It was authentic in a very cute way.
What do you think of that set up?
Well,I feel like the things that I’m like,
our audio quality or our recording setupswere not
probably you get that improvisational,like on the fly, very organic,
but probably our sound quality toogood than it should have been, right?
Oh, that’s interesting.I actually thought about that because I
noticed that you guys weretrying to do something.
I can compare the recording of them as
part of the set versus when theyplayed bits of their podcasts.
I could tell that you’re trying
to downgrade the quality a little bit,but maybe not enough.
But it’s like I was thinking how expensivewould it be to produce a show like that?
So what a great question.
I almost forgot to even bring it up.Thank you.
Ben, what is new for you in the future?
What can we look forward to?
Is there hints for, like, what happenedin season three or like, general project?
Well, this is a great question,
but I don’t have a goodanswer in a very sad way.
What’s new for me is we’re going to be
writing and filming seasonthree of Bowling Murders.
And I don’t have anyside or my own individual projects
that are very far along, but definitelyworking on starting that up soon.
The short answer is I don’t have anythingright now, but I’m looking to start
developing somethingin the next few months.
Wow.What is it?
Like, I know we have to let yougo back to your writer’s room.
It’s so funny.
Like, oh, you can get out of time out.
This was like the fun stuff.
But that room is super fun.
First of all, what is it like to writefor a show,
a tier one show for 8 hours,10 hours and ideation outside
of the actual writing room versus managingyour own projects, which means going back
home, probably rightuntil three in the morning.
I went through that for my ownpodcasting journey.
What is that like for you?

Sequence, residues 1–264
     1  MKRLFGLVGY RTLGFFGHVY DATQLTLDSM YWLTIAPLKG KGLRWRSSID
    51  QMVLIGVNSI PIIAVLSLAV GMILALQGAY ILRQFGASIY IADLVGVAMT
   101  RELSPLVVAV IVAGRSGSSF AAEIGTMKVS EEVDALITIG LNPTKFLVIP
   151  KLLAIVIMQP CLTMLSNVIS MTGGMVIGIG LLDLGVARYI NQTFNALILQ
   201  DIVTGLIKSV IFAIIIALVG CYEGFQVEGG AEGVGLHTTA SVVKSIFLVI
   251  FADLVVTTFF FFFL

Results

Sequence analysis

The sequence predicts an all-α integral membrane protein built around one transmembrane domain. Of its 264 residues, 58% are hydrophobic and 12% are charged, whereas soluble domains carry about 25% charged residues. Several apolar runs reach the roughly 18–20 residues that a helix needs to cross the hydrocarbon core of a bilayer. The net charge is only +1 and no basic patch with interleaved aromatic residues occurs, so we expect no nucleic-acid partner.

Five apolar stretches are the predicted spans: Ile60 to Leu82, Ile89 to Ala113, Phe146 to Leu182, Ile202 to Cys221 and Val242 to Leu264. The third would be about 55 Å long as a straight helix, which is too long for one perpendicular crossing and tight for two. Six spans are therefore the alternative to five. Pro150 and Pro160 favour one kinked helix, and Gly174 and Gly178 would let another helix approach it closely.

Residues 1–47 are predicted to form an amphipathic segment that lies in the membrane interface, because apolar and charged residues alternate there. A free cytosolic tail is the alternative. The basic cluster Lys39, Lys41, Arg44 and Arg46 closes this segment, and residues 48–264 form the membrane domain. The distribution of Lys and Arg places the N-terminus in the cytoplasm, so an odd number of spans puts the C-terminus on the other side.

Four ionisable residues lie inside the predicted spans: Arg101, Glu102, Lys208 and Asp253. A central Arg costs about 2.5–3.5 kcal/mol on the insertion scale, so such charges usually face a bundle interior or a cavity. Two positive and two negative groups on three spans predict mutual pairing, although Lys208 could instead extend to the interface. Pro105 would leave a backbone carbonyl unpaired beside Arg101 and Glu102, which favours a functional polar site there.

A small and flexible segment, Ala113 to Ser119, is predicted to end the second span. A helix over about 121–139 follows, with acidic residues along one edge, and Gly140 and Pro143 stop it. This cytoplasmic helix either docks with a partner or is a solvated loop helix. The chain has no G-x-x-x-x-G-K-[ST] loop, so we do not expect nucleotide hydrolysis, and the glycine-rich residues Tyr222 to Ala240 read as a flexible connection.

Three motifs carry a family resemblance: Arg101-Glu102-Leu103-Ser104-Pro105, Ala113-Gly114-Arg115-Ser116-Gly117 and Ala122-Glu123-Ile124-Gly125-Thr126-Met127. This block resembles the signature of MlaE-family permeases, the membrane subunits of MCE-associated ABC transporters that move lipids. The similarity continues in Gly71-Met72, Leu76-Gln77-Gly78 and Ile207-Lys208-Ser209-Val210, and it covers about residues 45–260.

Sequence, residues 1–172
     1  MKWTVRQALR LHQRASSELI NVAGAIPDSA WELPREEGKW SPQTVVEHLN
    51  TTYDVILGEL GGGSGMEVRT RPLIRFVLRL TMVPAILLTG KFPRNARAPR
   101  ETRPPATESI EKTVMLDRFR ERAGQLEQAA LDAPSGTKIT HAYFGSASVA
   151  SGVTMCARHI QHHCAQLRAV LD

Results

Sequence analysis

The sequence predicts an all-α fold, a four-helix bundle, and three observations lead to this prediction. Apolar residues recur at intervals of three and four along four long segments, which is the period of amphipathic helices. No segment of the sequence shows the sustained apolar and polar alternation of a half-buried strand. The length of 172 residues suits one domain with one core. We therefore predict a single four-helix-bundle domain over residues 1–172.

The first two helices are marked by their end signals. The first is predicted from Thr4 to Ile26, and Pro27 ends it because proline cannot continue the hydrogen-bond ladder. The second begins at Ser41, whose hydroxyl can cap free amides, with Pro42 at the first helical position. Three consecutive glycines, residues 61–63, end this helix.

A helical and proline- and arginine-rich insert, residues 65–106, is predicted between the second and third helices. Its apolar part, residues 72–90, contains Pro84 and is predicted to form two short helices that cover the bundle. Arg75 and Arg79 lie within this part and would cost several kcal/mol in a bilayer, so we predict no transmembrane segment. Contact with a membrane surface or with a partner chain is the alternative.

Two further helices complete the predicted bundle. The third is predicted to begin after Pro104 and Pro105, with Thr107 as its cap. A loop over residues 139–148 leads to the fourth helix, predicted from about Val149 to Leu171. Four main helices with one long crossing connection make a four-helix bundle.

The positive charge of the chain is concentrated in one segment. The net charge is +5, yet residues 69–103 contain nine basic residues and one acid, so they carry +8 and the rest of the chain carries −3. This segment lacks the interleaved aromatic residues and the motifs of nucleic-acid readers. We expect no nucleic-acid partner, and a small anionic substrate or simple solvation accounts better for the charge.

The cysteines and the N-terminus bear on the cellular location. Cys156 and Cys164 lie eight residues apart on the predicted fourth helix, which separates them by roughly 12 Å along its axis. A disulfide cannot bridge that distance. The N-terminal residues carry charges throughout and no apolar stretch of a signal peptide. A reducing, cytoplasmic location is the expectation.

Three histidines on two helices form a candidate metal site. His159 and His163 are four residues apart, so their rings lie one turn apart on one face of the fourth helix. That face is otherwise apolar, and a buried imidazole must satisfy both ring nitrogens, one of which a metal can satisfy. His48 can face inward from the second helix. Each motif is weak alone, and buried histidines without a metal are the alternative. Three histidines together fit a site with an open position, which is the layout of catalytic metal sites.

I mean, to be honest,I think I don’t do much writing.
I oftentimes don’t do much writingoutside of the show when I’m working.
That kind of captures a lot of my creativeenergy, and
there are other parts of my I kindof like then dedicate my time to it’s.
Like, okay, I’ve been thinkingabout writing all day.
I want to turn that on to gohang out with my friends.
I want to go exercise.
I want to eat some great food, travel.
I don’t know.
I feel like that creative.
Itch has been scratched,and I’m not looking for it as much.
And also, I really like my creativetaste aligns with the show.
I think if I working on something that did
not feel creatively satisfying to me asmuch with my free time, I’d be like, okay,
I want to be working on somethingthat more aligns with my taste,
but oftentimes that I feel likeI’ve had my creative happiness.
ButI think that if I am to be creative
on my own stuff,it generally has to happen in the morning
before, like a sponge that’s beensqueezed dry by the end of the day.
I still got a lot of great energyin the morning, so that’s kind of tough.
But I always benefit.Yeah.
But I do think that the hardest part
for me, actually, is, like,the initial idea generation,
but once I have the idea,then it’s actually relatively easy for me
to sit down for an hour,make a lot of progress.
Sit down for an hourand make a lot of progress.
It’s kind of like dedicating time to justsitting and thinking and coming up
with the core central idea that takesthe longest for me, so that usually I need
to have a break in my scheduleto really kind of something.
Makes a lot of sense.
That’s a great question.
Thanks so much.
Malcolm and I should letBen go back to work.
Ben, to connect with you.
You are not on social media a whole lot,
but we did include your Twitter handle,which is BWK smith on Twitter.
If you want to follow Ben there,
any parting words, anything that you wantto catch up on before we go offline?
No, I’m not very on social media,but I certainly welcome to follow.
I appreciate it.
I don’t think there’s anything to say.
I don’t know.
Nothing.Oh, hold on a question.
Lost your lessons, right?
What are my favorite spots in Lexington?
I used to work at the Flick,which is the movie theater there.
I think it’s been renamed since,but that was like my high school job was
working at this small two theatermovie theater there, which was the best.
Me and all the other highschoolers work there.
Also, my friends work at Renkotores Takes,the ice cream place in Lexington.
Center rankators is so good.
I mean, this is nota hidden gem, but I think the biggest
Boston thing I miss isgoing to sell the games.
My family has had tickets since I was
in third grade or second grade,so we’d go a lot.
A lot.And so that’s probably
thing I miss most about the East Coastis on the Boston sports.
Do you still come backpretty regularly, Ben?
Yeah, came home I’ve probablybeen home three times this year.
I was off on break kind of finished right
in season two in February or March,and then we came back in July.
So I had like a three, four month break,
and so I tried to make ithome and see my family lunch.
That’s so nice.
During your break,
actually have breaks and can traveland not worry about work as much.
Oh, wow.That’s for our next episode, for sure.
Thank you so much, Ben.
I’m going to take us offline now.Bye, guys.
Thanks so much for hopping.